Most of my new clients come from referrals. Which is good for me because the new clients come in predisposed to trust me and listen to what I have to say. And most “how to pick a tax pro” list suggest you talk to friends and family about recommendations. But there are some disadvantages to referrals.
First, what is the recommendation? Why do they suggest me? I’ve had taxpayers come in telling me that Joe recommended me because I got him a big refund. It’s implied that I will get the new client a big refund also. Sometimes that’s not possible. Everyone’s situation is different. The same goes for price and other services. When I can’t meet the new client’s expectations, they are disappointed and less likely to be a repeat client. It doesn’t help that I can’t explain specifically why their friend got a better refund or price because of confidentiality. All I can do is offer generalizations.
To be honest, taxpayers shopping for price and refund size may not be a client I want. I want their priority to be an accurate return. The best price and least tax are important but they shouldn’t be the only reason to choose me or any tax pro even when a friend makes a recommendation.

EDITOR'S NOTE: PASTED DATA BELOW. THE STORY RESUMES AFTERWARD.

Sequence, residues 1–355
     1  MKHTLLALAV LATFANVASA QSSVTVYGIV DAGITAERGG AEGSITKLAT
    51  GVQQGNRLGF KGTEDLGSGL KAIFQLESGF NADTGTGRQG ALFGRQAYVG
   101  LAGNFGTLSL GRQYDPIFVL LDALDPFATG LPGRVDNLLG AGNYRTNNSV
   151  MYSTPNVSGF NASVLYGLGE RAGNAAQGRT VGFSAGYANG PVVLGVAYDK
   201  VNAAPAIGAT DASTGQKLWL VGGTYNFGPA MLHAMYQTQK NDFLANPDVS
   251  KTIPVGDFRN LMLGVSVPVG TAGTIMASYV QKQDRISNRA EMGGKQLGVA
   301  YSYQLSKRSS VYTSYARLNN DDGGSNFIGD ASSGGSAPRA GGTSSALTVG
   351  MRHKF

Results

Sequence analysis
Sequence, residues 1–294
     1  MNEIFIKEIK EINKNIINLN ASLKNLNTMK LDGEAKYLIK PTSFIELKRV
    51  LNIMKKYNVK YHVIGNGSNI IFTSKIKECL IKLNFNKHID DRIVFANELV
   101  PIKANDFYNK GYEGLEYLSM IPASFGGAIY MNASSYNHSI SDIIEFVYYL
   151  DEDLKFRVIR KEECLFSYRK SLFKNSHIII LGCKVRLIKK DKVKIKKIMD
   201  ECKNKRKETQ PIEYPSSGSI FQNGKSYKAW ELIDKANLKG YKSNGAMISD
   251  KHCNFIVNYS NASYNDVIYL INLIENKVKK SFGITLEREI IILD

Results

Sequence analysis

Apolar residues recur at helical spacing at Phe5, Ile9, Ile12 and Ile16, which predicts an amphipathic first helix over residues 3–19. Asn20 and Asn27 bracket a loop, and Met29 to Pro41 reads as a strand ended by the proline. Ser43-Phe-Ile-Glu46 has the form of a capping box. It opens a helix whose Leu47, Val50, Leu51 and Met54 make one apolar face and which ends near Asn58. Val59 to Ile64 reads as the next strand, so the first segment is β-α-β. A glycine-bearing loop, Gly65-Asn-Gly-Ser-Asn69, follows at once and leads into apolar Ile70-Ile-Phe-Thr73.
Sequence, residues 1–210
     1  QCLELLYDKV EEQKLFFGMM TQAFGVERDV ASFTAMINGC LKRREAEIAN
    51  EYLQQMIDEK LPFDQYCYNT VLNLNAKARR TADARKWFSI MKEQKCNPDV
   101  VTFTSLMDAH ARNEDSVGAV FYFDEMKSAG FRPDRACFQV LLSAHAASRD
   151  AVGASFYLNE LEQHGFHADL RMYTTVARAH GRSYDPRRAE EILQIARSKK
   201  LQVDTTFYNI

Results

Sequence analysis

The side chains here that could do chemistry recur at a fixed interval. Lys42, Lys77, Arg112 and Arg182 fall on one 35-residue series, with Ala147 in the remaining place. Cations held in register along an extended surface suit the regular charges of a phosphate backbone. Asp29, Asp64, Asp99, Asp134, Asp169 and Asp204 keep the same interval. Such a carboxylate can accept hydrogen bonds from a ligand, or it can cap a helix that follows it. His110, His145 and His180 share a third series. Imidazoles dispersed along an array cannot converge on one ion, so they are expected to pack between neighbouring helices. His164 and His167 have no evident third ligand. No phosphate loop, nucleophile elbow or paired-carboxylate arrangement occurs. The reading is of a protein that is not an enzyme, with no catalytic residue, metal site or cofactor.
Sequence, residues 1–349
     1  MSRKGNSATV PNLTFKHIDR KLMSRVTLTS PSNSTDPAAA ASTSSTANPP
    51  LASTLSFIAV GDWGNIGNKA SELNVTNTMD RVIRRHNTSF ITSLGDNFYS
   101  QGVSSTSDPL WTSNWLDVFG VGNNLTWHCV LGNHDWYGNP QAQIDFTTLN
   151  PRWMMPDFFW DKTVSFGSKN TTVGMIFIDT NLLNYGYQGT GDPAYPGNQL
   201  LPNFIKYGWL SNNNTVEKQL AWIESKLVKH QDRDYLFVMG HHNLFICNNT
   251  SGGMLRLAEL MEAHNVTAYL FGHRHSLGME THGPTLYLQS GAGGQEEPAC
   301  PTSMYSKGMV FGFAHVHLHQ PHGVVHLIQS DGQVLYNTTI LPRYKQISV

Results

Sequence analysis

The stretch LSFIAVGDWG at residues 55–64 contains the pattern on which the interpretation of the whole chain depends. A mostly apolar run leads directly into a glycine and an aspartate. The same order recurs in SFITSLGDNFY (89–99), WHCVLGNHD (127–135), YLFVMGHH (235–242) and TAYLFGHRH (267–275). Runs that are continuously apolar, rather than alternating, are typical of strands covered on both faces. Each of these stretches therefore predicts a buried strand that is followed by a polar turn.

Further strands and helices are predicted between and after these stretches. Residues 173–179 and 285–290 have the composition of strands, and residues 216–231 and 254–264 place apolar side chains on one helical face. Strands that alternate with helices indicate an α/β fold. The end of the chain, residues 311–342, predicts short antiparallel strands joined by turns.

On the other side of referrals are the bad recommendations. A taxpayer asks a friend about me and their friend goes on about how awful I am. I understand that. I can’t please everyone. They don’t like their refund, my price or that I wouldn’t do what they wanted me to do. Or they post a review on one of the many online sites like Yelp or Merchant Circle. I can generally respond to an online review if I see it but again I’m limited to generalizations. I can’t breach confidentiality.
A few weeks ago, a client was all upset with their child’s other parent who claimed the child as a dependent. The client was madder at the return’s preparer than at the other parent. They wanted me to say that the other preparer was wrong in filing the return that way. I couldn’t because I don’t know what that preparer was told. Clients lie sometimes and there is nothing a preparer can do about it. I told this client that but I don’t think it will stop them from bad mouthing the other preparer. So, as you ask about a tax preparer, listen to what is being said between the lines.
Referrals can be a double edge sword. They can help a taxpayer find a new tax pro but the taxpayer needs to listen to what they are being told and ask questions. Don’t assume that what the tax pro did for your friend will work for you. Read between the lines of what you’re being told. It might be a good idea to visit with the recommended preparer before you trust a return to them.